However, outside the ivory tower, everything is a hustle. I have major introvert anxiety issues, too, so that has been hampering me when I think of a great workshop idea. Because after the idea and the planning comes having to book a venue, advertising, selling tickets, having a contingency plan if I have to cancel and so on. Perhaps that is why I have had the most success as a freelance writer. Pitching articles and blog posts to paying venues is much closer to submitting my research to journals than any of the other tasks I have pursued.

Based on these experiences, my suggestions for academics branching out into other fields are as follows:

  • Figure out what counts as legitimacy in that field: certain degrees, certification programs, publishing books and articles, work experience? Calibrate your training to those standards as much as is feasible.
  • Work to identify your hang-ups or comfortable behavior patterns based on academic enculturation. For example, if you struggle with impostor syndrome, work on that.
  • If you are used to your academic network inviting you to speak and publish and suddenly you find yourself outside that network, learn to expand your opportunities in other ways.

Decide what kind of impact you would like to make in your new field. Are you interested in using your academic credentials to transition to expert status and become a go-to for knowledge seekers in the general public, or are you more interested in helping build the field from the inside out? Are you hoping to mentor others in your position? Are you going to contribute to your new field’s knowledge base through research, publishing, presenting, teaching, marketing, brand building or some other keyword I have not thought of because I’m new to all this, too?

There Is Life (And Happiness) Outside Of The Tenure-Track

julie-shayneNote: this blog post was originally published on our career advice column on Inside Higher Ed. Julie Shayne is a senior lecturer in interdisciplinary arts and sciences at the University of Washington Bothell and affiliate associate professor of gender, women and sexuality studies and Latin American and Caribbean studies, as well as faculty associate, at the Center for Human Rights at the University of Washington Seattle. She was born and raised in California and seems to be living happily ever after with her family in the Pacific Northwest.

“Off Track, On Point”

I should be an advanced associate professor by now. I am not. I should serve on tenure review committees. I do not. I should have had one sabbatical at my current institution by now. I have not.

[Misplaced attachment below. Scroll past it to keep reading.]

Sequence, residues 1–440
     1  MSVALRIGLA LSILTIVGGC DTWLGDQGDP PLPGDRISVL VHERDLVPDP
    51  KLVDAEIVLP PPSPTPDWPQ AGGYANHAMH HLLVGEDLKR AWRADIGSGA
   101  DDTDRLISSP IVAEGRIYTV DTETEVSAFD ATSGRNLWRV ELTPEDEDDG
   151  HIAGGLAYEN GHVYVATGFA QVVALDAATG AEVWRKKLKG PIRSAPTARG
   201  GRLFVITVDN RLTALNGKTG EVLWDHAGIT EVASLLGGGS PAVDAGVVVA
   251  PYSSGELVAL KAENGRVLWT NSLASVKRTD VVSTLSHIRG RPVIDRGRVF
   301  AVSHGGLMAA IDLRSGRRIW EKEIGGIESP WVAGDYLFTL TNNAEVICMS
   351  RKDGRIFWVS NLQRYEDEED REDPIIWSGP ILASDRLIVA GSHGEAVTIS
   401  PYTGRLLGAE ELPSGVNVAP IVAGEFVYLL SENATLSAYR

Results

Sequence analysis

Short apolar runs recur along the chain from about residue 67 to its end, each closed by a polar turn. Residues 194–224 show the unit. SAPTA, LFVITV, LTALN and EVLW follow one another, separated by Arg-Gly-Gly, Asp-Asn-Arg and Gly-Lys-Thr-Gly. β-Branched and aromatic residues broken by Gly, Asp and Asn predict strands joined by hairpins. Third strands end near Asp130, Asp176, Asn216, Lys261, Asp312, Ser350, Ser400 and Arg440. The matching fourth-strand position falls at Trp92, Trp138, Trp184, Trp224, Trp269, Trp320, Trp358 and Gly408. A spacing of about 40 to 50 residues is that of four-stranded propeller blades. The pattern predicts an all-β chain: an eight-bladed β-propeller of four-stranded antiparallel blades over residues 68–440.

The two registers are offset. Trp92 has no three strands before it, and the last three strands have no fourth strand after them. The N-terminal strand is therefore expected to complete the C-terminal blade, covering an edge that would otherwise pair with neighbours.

I earned my Ph.D. in sociology from the University of California at Santa Barbara in 2000. I cannot lie; I do feel a twinge of frustration watching assistant professors whom I helped to recruit and mentor earn tenure while my position stays relatively unchanged. I have one tier above me on my track (principal lecturer), for which I recently became eligible. But after that, I hit a glass ceiling.

I certainly feel that I am long overdue for a well-earned sabbatical. And I do wish that my primary title were associate professor, not senior lecturer. I am confident that I have the academic qualifications congruent with that title: three books, decades of teaching and service, awards, yada, yada, yada. The longing for a title that equals my years and accomplishments post-Ph.D. is fleeting, especially when I reflect on why I am where I am today.

In 2006, I resigned from my tenure-track assistant professor job about a year before I submitted my tenure portfolio. Yes, I wanted tenure — who doesn’t, especially after going through the hell of the tenure track? But I wanted a happy family and personally rewarding life, as well. And being a West Coaster living in the Southeast made the nonwork happiness an unattainable reality, tenure or not. So I resigned. (I discuss that decision and move in an essay called “Mother’s Day,” which is the afterword in my newest book, Taking Risks: Feminist Activism and Research in the Americas.)